How will energy policy change after Russia’s attack on Ukraine?

Russia’s unprovoked attack on Ukraine has rewritten how we see the world.

As Vladimir Putin spills Ukrainian blood for no reason other than his own vanity, Russia has been hit by swathes of economic sanctions to deter his war. But, for many countries around the world, there’s an elephant in the room – Russia is a significant player in the world’s energy market, and reacting to this invasion necessitates moving away from Russian fuel. Nations and international bodies are rewriting their energy policies in response to the attack, but what do they intend to do?

Russia’s place as a world superpower is largely based on two major factors – its nuclear arsenal and its fossil fuel reserves (even before this conflict, it was a marginal economic power with few major allies). Despite talk of nuclear conflict, it’s really the latter issue that has troubled the West’s response to Ukraine – many European countries rely on Russian gas and oil.

According to figures from the research group, Transport & Environment, the EU gets 40% of its gas from Russia.

Yet the EU has announced plans to radically cut this reliance. The REPowerEU plan aims to make Europe independent of Russian fossil fuels by 2030, focusing initially on gas. It proposes finding alternative supplies in the short-term (from countries such as Norway and Azerbaijan), and transitions to greener sources of power in the long-term. It wants a legal requirement on minimum levels of gas storage, up from 30% now to 90% of capacity, and a significant increase in renewable fuels. Although the European Commission acknowledges that there may be need to use dirtier fuels in the immediate term, it anticipates that the continent will eventually turn to green hydrogen as a key fuel.

How about the UK, which only sees 4% of its natural gas come from Russia?

At the time of writing, the UK Government has yet to reveal its new energy security strategy. However, Boris Johnson said that the announcement would be coming soon: “What Putin is doing in Ukraine is causing global uncertainty and a spike in the price of oil… Next week, we’re going to be setting out the energy strategy for the UK.”Johnson had already set out plans to transition the UK to green energy by 2050 after the COP26 summit, but the events in Russia will likely accelerate these projects. The Prime Minister has indicated he is in favour of increasing the domestic supply of fossil fuels in the short-term, in order to phase out Russian oil imports by the end of the year. He suggested that there will be further investment in wind farms and solar power, and it is probable that the Government will increase support for both large- and small-scale nuclear generations. There may be financial help for low earners, OAPs and the fuel-poor, temporarily scrapping VAT on things like home insulation, with potential grants for retrofitting.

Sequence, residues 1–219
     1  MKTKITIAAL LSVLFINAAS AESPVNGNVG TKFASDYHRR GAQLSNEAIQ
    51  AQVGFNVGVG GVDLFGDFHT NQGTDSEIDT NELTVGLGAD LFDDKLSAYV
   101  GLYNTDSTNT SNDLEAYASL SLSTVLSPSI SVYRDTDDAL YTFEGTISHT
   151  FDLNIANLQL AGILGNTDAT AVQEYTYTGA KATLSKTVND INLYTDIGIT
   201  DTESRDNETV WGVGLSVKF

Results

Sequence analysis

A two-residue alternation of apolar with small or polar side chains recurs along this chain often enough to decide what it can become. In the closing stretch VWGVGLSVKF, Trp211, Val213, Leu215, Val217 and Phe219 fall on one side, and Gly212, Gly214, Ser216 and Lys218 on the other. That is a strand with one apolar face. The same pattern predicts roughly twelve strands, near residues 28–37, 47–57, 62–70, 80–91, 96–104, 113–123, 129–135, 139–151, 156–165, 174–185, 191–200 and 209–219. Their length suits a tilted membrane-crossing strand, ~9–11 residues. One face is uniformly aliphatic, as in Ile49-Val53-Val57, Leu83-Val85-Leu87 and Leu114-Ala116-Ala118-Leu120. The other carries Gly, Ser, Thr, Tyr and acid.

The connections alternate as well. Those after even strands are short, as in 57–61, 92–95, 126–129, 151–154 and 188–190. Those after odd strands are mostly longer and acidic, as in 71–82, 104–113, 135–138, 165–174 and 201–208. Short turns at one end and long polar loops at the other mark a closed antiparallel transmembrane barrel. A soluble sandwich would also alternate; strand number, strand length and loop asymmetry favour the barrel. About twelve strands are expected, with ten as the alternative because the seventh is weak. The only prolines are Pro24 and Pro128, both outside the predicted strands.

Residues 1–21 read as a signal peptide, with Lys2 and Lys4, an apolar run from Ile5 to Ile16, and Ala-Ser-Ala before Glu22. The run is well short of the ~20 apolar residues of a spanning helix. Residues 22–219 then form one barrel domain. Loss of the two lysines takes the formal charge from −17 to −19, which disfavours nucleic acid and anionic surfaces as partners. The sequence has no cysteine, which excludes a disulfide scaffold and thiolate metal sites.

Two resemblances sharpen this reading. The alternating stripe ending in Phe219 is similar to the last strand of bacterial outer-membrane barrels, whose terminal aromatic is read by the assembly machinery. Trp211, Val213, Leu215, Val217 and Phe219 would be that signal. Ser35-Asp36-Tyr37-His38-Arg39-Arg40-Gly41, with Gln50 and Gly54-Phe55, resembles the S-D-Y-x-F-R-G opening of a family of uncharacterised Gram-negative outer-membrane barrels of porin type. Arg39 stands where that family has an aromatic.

What Putin is doing in Ukraine is causing global uncertainty and a spike in the price of oil… Next week, we’re going to be setting out the energy strategy for the UK.

–Boris Johnson

And then, there’s the f-word – fracking.

There is currently a moratorium on fracking, and Johnson is facing pressure on both sides of the argument to restart UK production of shale gas. The country’s only fracking wells were due to be permanently closed in a few months, but there is deadlock over these plans now – many prominent Conservative MPs have pushed to keep the wells open. However, there is still major opposition, with former UN Secretary-General Ban Ki-moon among the voices warning against the practice. He warned that employing more fossil fuels would be a short-term political gain, and go against current progress on climate change.

Here is the balancing act at the heart of rewriting energy strategies – governments want to abide by their climate credentials, but they also need to ensure that the new fuels are sufficient and keep the costs down for their people. Leaders are already warning that this transition will not be an easy one – fuel bills will rise, probably significantly, in the near future, and the scale of investment necessary to move away from Russian fossil fuels could be unprecedented.

Putin’s actions in Ukraine have helped focus a climate revelation that has slowly been emerging these past few years – the question now is whether governments can deliver on the promises and the plans they’ve been making.


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